The Practical Coach


Inspiring, encouraging, and challenging your team.

By Media Partners Corporation | Reviewed by Jean Darling, PT, LAT

As I was looking over old Impact journals, I saw an article analysis stating “millennials like to be coached.” This brought me back to a paperback book I received as a gift a long time ago, but felt appropriate to get out and read it again. The older I get, I think I have forgotten as much as I have remembered! In the busy world of today’s full-time therapist, owner, and parent, I enjoy quick reads that give me practical advice. This book is a working journal that you can take notes on as you proceed through the pages or simply take in its snippets of advice.

The very basic message of the book is in the title: As leaders in an organization, we are inspiring, coaching, and challenging team members every day. If we break it down to each area, coaching could mean that along the way in life, someone let us know that we matter. “From the day we were born, we all want to know that what we do affects our world, that we matter.” The people you lead are no different. They need to know that what they do matters to you.

Second, never assume your team is self-motivated. Most leaders are internally driven, but some of your team members may need extra help in the motivation department. Remember to get to know your team, as everyone buys in to your philosophy for a different reason. To really lead your team members to a new level of success, you want to know their styles so you can personalize your coaching for each of them. Coaching is the idea of selling hard work. You can only sell the idea of hard work if you are willing to work hard, too!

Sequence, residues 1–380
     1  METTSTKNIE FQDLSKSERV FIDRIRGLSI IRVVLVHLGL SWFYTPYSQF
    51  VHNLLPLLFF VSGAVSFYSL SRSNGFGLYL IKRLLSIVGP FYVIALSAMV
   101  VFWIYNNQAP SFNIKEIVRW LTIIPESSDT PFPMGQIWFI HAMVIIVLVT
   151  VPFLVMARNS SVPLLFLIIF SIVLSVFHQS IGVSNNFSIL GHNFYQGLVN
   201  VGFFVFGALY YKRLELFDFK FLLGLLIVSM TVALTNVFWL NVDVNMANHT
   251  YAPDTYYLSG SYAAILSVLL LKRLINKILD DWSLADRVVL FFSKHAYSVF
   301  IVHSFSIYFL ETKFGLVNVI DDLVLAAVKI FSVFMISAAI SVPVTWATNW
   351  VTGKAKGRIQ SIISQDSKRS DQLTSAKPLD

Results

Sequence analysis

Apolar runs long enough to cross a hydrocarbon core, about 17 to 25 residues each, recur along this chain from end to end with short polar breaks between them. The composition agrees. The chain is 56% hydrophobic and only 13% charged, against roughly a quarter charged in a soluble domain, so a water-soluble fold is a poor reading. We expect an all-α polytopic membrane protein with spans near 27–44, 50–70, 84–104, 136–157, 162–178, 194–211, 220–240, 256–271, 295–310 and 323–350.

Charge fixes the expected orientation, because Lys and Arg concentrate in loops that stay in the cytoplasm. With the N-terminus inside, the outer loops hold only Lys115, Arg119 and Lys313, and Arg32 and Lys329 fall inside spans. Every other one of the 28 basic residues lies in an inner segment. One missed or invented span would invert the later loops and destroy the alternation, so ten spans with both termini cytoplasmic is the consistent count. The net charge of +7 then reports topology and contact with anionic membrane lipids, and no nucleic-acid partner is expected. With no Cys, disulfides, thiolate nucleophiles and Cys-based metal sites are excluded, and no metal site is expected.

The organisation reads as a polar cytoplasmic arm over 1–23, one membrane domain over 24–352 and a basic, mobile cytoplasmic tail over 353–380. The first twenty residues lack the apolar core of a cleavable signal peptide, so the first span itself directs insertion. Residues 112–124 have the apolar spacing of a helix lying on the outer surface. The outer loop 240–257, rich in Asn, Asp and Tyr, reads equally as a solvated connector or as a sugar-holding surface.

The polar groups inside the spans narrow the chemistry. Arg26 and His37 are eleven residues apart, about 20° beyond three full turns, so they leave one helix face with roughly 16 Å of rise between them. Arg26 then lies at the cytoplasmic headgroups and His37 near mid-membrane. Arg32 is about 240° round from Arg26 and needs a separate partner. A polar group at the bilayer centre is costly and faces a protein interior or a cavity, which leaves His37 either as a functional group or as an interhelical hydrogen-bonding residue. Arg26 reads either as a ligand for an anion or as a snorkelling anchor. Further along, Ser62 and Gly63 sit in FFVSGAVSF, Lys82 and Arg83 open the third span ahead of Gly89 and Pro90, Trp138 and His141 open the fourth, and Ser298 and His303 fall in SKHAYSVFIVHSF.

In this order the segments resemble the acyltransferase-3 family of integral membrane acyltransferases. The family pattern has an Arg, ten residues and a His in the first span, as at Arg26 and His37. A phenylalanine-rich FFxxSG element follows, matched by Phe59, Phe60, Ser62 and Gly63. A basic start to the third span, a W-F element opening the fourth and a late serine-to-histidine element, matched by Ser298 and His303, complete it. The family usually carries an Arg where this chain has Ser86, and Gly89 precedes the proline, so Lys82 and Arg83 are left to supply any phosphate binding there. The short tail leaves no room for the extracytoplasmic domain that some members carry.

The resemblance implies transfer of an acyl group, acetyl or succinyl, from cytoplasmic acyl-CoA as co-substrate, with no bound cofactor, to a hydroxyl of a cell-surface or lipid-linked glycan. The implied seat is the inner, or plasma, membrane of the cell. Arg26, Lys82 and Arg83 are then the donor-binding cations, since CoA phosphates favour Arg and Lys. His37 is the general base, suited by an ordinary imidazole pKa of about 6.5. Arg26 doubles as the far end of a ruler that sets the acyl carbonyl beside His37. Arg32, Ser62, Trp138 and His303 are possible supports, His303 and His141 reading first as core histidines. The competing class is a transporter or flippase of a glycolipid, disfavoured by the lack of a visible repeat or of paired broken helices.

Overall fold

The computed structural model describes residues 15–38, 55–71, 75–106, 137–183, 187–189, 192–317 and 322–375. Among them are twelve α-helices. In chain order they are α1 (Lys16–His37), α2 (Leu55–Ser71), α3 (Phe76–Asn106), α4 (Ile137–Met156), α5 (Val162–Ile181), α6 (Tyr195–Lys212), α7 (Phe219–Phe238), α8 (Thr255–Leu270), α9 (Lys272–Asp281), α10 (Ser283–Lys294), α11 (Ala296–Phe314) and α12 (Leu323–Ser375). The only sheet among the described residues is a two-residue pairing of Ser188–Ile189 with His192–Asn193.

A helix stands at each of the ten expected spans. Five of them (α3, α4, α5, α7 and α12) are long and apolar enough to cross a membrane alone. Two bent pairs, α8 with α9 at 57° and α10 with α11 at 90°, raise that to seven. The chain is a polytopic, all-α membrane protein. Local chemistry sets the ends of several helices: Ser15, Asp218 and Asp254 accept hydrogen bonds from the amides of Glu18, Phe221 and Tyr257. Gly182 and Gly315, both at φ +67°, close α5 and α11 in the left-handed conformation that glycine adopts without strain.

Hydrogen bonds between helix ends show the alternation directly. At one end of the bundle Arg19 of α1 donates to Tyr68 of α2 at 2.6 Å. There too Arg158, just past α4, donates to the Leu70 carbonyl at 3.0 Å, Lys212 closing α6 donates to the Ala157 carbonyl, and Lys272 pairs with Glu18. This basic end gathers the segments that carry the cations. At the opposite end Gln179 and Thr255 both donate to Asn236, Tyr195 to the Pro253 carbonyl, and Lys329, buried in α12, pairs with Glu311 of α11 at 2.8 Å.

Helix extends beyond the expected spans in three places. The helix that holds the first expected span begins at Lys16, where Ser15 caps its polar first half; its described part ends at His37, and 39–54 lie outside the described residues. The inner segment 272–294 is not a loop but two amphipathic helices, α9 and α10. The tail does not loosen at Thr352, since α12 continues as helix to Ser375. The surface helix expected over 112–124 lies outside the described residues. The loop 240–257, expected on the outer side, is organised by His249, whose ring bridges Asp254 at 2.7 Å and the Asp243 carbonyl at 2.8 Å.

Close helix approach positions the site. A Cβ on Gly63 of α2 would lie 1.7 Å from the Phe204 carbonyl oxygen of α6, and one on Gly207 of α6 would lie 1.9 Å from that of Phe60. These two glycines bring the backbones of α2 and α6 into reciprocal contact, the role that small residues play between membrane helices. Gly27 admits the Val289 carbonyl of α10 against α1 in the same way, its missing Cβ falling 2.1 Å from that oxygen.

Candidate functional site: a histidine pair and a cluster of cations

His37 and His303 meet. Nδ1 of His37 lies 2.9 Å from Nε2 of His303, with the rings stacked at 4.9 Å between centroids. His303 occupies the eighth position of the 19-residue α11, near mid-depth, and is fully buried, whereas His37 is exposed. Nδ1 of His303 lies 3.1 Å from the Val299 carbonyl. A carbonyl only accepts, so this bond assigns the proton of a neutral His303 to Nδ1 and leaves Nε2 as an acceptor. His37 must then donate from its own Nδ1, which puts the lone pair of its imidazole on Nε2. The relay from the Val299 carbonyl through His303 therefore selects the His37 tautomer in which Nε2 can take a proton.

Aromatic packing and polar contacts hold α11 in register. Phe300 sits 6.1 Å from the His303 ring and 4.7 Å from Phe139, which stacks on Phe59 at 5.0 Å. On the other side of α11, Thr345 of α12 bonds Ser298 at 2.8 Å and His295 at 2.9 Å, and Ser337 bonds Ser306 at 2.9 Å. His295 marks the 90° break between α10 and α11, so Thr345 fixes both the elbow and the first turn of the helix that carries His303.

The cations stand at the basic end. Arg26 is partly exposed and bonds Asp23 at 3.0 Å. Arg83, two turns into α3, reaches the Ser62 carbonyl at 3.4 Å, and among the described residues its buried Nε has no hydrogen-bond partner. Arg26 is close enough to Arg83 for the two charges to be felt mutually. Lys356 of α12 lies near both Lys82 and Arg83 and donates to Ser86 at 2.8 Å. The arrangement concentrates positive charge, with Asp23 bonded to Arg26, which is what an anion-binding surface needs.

Next, try to encourage your team toward both individual and team success. “Never let great work go unnoticed.” Encouraging your team members means identifying specific actions or behaviors that are good, and then pointing them out. Remember that very similar to getting to know your team members for motivation, it is helpful to know if they are encouraged by applause, appreciation, or access to you or your time.

Finally, challenging your team members when things are not working or an individual is not doing his or her job correctly is every bit as important as encouraging them. A good coach gives feedback when there are great plays and when there are mistakes, because both have a tremendous impact on the vision of the success the team is working toward. Always remember to make it private and make it positive. Look at reasons for poor performance: Unclear communication? Do they have appropriate training to complete the task? Are there consequences for delivering poor performance?

To sum up this short working booklet, a reminder that adults learn by doing. A nice statistic they listed was that we remember 10 percent of information someone tells us, 60 percent when someone shows us, and 90 percent if we do it ourselves. This can be a take-home message for coaching our staff and our patients.


Jean Darling, PT, LAT, is an Impact editorial board member and co-owner and vice president of Advanced Physical Therapy & Sports Medicine, Shawano, with six locations in Wisconsin. She can be reached at jean@advancedptsm.com.